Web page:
OGDEN — Prosecutors dismissed a drug distribution case against a former Ogden police officer Tuesday, citing "multiple evidentiary concerns."
In a motion filed Tuesday, prosecutors wrote that dropping the two-year-old case against Don Henry Johnson, 31, was "in the interest of justice."
Johnson, a former Ogden police office and member of the Weber-Morgan Narcotics Strike Force, was charged in an investigation dating back to 2014 with four counts of distribution of a controlled substance, a second-degree felony.
Johnson was accused of using two confidential informants the strike force used in undercover investigations to make drug buys for him, which were not authorized or detailed in police records.
The case was prosecuted by the Davis County Attorney's Office to avoid potential conflicts of interest. Prosecutor Jason Nelson did not return calls for comment.
Cara Tangaro, Johnson's attorney, said Johnson is relieved to be rid of the allegations, and rather than seeking compensation, will focus on his future.
"The good news is Don gets to move on with his life," Tangaro said. "He is relieved the case is dismissed, and he's relieved that creates more options for him moving forward."
That includes considering "if he wants to try and have a future as a cop or if he wants to move in a different direction," Tangaro said.
Johnson had worked for the Ogden Police Department for six years when he resigned in January 2015, just before the first two charges against him were filed.
Since the former officer was charged, his defense team has been conducting its own investigation in an attempt to debunk the informants' accusations. When the search uncovered what Tangaro considered exculpatory evidence, she turned it over to prosecutors.
"I implicitly trust Jason Nelson and Troy Rawlings and his office to do the right thing," Tangaro said. "They took our information, they looked into it, and they agreed that there were significant evidentiary issues with the case."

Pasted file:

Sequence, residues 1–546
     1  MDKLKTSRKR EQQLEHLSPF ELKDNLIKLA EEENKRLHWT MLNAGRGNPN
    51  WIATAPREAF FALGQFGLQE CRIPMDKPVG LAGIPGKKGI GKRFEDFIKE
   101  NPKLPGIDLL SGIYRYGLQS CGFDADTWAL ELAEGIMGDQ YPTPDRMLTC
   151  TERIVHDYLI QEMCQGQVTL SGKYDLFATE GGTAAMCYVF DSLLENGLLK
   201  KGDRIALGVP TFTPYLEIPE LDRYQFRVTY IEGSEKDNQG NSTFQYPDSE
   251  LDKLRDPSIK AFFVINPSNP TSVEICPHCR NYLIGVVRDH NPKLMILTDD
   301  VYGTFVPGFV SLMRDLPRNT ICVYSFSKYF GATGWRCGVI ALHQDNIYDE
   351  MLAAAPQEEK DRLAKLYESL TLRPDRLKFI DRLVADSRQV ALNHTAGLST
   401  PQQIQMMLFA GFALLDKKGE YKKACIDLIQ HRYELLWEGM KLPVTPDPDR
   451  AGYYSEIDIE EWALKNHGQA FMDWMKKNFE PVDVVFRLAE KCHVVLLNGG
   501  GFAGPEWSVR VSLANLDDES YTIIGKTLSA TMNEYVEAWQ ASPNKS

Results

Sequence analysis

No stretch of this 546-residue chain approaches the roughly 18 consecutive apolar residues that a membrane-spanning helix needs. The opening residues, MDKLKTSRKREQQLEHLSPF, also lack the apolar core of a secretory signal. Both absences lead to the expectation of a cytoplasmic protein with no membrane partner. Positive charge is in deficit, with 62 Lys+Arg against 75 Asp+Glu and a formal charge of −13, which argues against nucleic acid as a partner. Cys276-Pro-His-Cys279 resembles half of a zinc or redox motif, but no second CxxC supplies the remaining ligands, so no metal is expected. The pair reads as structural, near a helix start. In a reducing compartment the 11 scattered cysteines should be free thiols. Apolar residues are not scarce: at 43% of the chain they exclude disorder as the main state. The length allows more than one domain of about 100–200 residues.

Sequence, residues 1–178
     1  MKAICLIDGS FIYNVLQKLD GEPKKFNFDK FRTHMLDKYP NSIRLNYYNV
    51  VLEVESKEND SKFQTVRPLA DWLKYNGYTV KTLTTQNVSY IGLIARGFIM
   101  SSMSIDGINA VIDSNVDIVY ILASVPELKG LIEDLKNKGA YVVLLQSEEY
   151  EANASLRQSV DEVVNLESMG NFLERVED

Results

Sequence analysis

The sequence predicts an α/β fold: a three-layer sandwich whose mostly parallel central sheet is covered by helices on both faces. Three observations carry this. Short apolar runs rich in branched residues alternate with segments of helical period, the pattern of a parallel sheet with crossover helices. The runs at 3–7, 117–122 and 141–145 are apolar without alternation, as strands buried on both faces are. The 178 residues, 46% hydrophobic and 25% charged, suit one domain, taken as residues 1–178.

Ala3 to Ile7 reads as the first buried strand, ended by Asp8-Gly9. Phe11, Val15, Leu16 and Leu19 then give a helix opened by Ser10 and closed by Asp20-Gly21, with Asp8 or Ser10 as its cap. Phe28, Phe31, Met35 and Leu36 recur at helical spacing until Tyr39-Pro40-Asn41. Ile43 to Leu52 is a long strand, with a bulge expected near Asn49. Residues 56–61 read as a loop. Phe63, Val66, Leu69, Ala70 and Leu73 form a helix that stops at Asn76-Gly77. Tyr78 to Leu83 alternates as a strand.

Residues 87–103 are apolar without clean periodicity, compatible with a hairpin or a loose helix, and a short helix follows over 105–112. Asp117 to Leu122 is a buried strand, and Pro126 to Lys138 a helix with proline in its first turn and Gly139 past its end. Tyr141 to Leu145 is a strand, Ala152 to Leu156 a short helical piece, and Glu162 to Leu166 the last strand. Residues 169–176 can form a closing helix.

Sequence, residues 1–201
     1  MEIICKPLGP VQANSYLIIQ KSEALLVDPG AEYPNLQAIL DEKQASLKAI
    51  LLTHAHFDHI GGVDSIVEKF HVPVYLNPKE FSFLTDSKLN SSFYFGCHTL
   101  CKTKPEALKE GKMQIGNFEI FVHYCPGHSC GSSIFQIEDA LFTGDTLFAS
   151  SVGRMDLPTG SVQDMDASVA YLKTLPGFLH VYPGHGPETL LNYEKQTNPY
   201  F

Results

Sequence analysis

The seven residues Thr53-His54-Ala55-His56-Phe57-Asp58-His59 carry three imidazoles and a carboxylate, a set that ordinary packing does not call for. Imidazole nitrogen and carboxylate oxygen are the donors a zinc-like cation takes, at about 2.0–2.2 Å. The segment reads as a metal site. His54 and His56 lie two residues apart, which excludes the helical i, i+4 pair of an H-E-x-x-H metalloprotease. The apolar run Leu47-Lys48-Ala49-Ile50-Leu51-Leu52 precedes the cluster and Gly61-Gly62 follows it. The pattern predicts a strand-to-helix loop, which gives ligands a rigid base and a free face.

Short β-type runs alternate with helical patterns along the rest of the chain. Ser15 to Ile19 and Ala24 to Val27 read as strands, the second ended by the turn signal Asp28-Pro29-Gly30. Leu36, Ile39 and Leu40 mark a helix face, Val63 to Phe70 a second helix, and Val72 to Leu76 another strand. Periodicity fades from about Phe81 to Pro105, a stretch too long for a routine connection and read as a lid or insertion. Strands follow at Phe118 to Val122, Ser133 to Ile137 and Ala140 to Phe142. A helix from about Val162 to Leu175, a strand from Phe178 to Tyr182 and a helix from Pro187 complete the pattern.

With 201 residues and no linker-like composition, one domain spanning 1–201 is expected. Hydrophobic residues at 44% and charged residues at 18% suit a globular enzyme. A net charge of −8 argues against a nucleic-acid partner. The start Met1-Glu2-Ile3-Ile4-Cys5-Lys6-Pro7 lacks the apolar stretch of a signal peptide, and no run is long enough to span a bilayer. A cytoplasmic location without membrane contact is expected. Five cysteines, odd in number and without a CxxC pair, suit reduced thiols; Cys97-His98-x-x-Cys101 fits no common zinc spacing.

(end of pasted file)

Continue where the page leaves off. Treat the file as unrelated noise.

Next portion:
At first look, Tangaro said the evidence in the case seemed to support the informants' claims. However, a further look pointed in another direction.
While prosecutors presented evidence that Johnson's cellphone was pinging in an area at the same time one of the informants claimed he was buying drugs, Tangaro said the defense confirmed Johnson was checked in at a nearby gym. And regarding a cash ATM withdrawal that prosecutors alleged was used in a buy, hotel records show the money was taken out just before Johnson and his wife headed to Wendover for a weekend.
Johnson, who had been ordered to stand trial on all four charges, was scheduled to appear in a hearing Thursday that now has been canceled as the case closes. Charges in the case are dismissed without prejudice, meaning they could be filed again in the future.
Tangaro called the dismissal evidence of the justice system working as it should. At the time charges were filed, she said, the state had sufficient evidence to support the claims. But when new information identified evidentiary issues, prosecutors properly closed the case.
"I commend this office for doing the right thing, this is how the system should work," she said.